Ingram Micro is going to have to usher in a new level of value-added distribution servicing to the Australian channel before it will be able to entice resellers away from current supply lines.
It would seem, despite reservations about what this means for the future of Australia's local IT industry, that most resellers are prepared to give the new big gun in town a fair chance if it can provide the right service and offerings.
"It all comes down to the service you can get," said David Hunter, managing director at Adelaide's RD Computer Services.
Most resellers seemed happy with services received from local or specialty suppliers but do look forward to the prospect of someone challenging Tech Pacific's dominance at the top of the chain.
"Even though Tech Pac's services are pretty good, a bit of healthy competition from suppliers is always good for a business like mine," said Phil O'Brien, managing director of Plexus Computing in Launceston.
Geoff Moller, managing director of Computer Systems in Buddina, Queensland, lamented the move away from local distributorships but claimed service is the deciding factor.
"I am all for Australian-based distributors and fully support development of the local industry," he said.
"But we have dealt with Ingram subsidiary ITG in the past and if its standards remain at a high level, we will definitely continue dealing with them."
Sentiment would indicate, however, that the broad diversity and geographic spread of the Australian market probably relegates any one-stop distribution shop aspirations of Ingram to the category of pipe dreams.
Neil Hancock, managing director of Perth's Portacom, said he deals with local operators wherever possible. He envisaged the acquisition posing a threat to some larger national companies, though. "I think it might result in some major reshuffling in Australian distribution which could result in less suppliers," Hancock said. He balanced that statement though by adding there might be too many distributors anyway.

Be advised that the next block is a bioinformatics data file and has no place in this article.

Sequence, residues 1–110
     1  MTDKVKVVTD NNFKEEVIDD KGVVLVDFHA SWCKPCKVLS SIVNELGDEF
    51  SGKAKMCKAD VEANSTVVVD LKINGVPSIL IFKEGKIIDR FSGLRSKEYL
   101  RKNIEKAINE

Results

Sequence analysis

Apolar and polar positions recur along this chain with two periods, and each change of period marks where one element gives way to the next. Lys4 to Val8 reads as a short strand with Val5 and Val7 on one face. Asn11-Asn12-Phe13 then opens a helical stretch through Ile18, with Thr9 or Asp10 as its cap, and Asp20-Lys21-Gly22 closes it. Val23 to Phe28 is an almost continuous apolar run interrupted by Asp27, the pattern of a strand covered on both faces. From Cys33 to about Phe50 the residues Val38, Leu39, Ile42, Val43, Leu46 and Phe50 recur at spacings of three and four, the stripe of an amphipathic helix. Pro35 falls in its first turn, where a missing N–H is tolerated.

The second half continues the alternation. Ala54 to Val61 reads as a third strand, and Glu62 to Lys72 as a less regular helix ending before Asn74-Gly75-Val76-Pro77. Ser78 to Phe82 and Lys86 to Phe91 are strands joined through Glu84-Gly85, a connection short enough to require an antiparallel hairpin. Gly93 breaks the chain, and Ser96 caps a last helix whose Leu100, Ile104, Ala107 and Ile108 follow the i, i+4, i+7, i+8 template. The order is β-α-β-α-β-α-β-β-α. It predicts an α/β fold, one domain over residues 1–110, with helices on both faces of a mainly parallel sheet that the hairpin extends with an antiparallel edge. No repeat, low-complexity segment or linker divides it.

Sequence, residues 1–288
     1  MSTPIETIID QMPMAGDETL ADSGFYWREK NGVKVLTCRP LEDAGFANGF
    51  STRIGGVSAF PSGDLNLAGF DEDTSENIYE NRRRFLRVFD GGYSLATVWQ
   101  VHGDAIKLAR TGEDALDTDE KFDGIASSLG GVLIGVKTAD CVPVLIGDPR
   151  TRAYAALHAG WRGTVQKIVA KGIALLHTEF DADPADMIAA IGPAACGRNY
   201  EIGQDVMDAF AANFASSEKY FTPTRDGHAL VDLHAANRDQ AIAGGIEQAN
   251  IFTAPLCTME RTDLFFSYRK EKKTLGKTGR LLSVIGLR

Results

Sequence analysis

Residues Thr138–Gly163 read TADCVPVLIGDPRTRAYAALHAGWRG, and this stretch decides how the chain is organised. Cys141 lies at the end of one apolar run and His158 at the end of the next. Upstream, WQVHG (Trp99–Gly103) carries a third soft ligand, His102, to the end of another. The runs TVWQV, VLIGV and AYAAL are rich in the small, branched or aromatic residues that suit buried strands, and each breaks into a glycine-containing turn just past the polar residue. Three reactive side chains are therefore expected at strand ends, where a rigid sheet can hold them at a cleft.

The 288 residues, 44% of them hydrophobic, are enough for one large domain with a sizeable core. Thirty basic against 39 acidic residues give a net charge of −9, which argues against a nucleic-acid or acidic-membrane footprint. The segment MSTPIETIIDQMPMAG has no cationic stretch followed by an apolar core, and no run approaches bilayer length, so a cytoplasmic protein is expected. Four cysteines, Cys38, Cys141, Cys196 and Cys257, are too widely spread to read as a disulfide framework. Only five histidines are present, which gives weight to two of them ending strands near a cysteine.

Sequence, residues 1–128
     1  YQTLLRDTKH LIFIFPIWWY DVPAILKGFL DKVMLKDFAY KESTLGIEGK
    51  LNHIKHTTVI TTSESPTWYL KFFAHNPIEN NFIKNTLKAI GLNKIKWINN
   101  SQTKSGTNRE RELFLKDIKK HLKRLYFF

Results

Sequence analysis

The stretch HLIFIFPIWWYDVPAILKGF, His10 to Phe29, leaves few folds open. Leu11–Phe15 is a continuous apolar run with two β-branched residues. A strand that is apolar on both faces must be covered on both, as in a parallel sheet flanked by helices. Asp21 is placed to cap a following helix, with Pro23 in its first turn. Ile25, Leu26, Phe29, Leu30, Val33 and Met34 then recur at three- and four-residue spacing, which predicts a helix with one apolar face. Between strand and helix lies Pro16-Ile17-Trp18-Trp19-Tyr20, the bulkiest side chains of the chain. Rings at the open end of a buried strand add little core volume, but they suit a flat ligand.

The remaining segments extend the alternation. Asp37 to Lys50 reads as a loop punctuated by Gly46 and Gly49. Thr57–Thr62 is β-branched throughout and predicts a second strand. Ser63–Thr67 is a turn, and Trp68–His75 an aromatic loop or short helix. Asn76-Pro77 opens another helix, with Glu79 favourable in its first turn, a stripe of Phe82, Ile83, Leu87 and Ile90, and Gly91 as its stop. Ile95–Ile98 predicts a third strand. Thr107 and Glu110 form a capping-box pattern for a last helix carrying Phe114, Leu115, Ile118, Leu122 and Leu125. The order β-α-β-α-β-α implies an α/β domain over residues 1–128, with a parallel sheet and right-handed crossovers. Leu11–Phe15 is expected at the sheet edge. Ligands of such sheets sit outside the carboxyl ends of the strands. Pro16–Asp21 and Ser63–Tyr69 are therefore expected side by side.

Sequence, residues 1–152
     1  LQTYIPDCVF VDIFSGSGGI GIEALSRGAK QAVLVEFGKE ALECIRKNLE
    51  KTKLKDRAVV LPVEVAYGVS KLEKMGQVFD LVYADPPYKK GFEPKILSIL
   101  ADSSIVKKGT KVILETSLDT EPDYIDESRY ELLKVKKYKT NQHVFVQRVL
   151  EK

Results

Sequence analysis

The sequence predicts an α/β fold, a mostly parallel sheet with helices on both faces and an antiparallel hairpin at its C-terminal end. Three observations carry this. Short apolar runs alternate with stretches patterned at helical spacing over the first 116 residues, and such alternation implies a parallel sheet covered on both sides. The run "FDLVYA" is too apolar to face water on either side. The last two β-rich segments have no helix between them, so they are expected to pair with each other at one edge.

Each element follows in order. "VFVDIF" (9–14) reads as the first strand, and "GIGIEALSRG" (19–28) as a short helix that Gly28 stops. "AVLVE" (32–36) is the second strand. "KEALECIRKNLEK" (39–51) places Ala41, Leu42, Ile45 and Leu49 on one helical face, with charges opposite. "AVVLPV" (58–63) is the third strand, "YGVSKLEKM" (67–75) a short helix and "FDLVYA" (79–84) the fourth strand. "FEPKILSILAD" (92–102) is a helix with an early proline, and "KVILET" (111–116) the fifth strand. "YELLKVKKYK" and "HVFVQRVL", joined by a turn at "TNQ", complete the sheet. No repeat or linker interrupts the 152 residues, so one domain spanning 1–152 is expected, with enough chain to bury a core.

As a part-time solutions provider and software supporter, Ray Georgio of Perseus Systems said he would always prefer to deal with a local distributor for the personal relationship. He feels there will always be a place for them "catering to my sort of business which does a little bit of everything, but not a lot of anything".
Better for Australian customers
Ian Davies, managing director of Sydney developer Odyssey Development, feels local companies are better for Australian customers. "Global companies see Australia as just 2 per cent of the whole picture. For Australian companies, the Australian market obviously involves a much greater commitment," Davies said.
Mike Gardiner, managing director of Gardiner Technology in Howlong, NSW, pondered the bigger picture.
"My concerns stem more from a personal belief in developing our own industry. It seems we are selling out Australia and I would rather see good Australian companies like ITG staying where they are," Gardiner said.